Tuesday, October 26, 2010

Dollar Decline and Paper “Prosperity”

By Bill Wilson
The Bretton Woods monetary system, which was established after World War II and solidified the U.S. dollar’s place as the world’s reserve currency, is collapsing before our eyes. That’s too bad, because that status may be one of the last assets the American people have left in the global economy.

For the past 65 years, that status has guaranteed a greater demand for dollars worldwide since it can be used in most transactions. This has resulted in commodities priced in dollars, generated for a larger flow of capital back to the U.S., and allowed the nation to borrow at low interest rates.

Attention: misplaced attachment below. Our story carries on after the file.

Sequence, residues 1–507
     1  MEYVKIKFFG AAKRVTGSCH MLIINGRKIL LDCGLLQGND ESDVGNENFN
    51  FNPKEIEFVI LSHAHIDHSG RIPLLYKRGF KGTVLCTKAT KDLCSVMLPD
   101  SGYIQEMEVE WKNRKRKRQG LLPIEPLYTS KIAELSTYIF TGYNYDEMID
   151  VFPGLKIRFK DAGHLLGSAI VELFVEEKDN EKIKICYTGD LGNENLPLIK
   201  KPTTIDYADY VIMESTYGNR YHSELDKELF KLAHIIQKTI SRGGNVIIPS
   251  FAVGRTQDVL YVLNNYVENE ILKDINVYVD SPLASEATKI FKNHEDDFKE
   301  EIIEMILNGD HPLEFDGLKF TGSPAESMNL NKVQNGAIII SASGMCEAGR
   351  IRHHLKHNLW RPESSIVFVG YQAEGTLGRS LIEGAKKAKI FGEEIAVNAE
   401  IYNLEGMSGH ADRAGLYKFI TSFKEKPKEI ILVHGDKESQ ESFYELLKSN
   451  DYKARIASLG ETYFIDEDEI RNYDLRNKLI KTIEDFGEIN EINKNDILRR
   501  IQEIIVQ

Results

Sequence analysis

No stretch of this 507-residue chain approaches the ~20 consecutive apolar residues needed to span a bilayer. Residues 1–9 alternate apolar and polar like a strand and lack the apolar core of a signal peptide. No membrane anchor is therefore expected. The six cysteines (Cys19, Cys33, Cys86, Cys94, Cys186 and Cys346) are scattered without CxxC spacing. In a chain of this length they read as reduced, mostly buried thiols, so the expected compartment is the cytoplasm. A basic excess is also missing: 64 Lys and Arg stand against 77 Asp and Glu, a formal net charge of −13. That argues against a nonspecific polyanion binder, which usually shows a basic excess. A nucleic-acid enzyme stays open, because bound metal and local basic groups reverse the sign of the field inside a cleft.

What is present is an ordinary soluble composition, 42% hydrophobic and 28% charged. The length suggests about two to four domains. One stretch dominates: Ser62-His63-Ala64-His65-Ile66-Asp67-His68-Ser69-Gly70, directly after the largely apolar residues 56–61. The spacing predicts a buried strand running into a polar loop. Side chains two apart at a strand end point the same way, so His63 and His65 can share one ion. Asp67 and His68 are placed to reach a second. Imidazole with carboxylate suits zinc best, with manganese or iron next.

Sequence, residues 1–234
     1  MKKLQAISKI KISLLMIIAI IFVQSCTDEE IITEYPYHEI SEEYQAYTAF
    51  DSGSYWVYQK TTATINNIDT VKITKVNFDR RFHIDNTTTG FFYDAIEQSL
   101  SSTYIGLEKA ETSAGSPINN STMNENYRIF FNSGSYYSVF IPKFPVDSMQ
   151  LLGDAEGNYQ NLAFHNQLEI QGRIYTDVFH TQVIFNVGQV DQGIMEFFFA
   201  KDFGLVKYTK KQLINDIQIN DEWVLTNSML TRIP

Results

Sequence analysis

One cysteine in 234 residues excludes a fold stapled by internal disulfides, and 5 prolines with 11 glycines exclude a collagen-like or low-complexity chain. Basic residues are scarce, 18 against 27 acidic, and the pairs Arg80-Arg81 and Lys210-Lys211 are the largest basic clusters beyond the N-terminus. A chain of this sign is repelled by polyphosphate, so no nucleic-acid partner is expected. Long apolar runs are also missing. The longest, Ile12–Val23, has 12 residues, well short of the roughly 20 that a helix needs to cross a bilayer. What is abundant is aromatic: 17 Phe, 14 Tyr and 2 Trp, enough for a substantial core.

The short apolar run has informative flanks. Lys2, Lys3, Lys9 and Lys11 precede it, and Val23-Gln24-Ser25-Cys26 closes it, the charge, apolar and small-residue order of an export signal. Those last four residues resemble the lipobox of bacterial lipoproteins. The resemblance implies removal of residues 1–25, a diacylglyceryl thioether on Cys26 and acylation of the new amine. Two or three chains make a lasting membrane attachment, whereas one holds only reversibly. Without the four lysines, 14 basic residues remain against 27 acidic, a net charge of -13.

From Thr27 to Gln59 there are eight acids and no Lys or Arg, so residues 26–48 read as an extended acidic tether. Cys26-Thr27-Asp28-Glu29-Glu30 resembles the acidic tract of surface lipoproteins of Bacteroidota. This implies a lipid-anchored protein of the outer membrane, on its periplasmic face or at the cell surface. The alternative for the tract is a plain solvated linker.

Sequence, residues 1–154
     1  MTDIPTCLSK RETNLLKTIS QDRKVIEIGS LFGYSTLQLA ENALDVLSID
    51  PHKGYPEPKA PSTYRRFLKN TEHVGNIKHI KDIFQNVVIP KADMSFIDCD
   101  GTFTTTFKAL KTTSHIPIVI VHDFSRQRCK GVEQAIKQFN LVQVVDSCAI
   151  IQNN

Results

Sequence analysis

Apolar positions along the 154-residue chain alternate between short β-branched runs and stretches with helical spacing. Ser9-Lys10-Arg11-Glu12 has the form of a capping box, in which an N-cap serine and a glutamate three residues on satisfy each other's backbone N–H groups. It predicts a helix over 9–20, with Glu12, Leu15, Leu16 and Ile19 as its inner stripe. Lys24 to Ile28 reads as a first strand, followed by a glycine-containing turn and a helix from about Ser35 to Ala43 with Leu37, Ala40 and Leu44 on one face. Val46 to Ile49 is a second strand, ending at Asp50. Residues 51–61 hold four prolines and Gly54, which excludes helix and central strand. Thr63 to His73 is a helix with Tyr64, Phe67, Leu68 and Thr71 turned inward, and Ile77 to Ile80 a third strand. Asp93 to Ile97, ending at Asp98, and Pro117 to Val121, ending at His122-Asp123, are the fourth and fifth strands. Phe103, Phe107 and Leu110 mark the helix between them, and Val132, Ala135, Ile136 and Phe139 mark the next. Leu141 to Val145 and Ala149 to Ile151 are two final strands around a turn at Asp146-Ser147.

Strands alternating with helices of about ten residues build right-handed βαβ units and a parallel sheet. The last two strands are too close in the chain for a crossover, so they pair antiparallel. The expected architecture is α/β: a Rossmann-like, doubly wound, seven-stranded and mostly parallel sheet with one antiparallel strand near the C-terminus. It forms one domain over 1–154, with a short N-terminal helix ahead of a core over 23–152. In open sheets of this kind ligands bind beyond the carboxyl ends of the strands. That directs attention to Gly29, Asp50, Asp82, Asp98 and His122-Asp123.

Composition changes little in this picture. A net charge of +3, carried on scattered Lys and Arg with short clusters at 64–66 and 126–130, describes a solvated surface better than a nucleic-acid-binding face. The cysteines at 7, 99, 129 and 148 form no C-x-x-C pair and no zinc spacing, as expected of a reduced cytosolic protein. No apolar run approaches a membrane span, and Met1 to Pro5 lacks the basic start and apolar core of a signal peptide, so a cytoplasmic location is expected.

The premise for the dollar’s special status was two-fold. The first was military supremacy and the wide protection offered by courageous U.S. forces abroad. For other nations this has meant having a strong ally against potential invaders, but also protected trade routes, and access to wide markets and first class technology. By and large, the U.S. has kept up this part of the bargain.
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